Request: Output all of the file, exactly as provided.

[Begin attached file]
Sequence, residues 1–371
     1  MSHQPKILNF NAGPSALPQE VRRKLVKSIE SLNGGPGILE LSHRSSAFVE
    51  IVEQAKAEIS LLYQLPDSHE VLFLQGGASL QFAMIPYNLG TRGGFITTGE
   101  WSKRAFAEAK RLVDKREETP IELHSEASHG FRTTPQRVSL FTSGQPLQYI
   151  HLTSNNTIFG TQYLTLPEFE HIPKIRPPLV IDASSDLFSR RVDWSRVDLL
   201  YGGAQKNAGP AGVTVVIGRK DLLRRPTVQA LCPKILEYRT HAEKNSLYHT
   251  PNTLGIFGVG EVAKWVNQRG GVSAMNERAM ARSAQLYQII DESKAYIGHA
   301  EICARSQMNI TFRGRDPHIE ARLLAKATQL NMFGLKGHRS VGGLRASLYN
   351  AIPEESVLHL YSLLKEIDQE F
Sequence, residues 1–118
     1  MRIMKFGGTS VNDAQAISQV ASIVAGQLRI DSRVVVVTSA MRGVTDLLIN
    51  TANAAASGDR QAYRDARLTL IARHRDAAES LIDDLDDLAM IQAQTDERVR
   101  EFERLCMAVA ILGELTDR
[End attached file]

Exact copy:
Sequence, residues 1–371
     1  MSHQPKILNF NAGPSALPQE VRRKLVKSIE SLNGGPGILE LSHRSSAFVE
    51  IVEQAKAEIS LLYQLPDSHE VLFLQGGASL QFAMIPYNLG TRGGFITTGE
   101  WSKRAFAEAK RLVDKREETP IELHSEASHG FRTTPQRVSL FTSGQPLQYI
   151  HLTSNNTIFG TQYLTLPEFE HIPKIRPPLV IDASSDLFSR RVDWSRVDLL
   201  YGGAQKNAGP AGVTVVIGRK DLLRRPTVQA LCPKILEYRT HAEKNSLYHT
   251  PNTLGIFGVG EVAKWVNQRG GVSAMNERAM ARSAQLYQII DESKAYIGHA
   301  EICARSQMNI TFRGRDPHIE ARLLAKATQL NMFGLKGHRS VGGLRASLYN
   351  AIPEESVLHL YSLLKEIDQE F
Sequence, residues 1–118
     1  MRIMKFGGTS VNDAQAISQV ASIVAGQLRI DSRVVVVTSA MRGVTDLLIN
    51  TANAAASGDR QAYRDARLTL IARHRDAAES LIDDLDDLAM IQAQTDERVR
   101  EFERLCMAVA ILGELTDR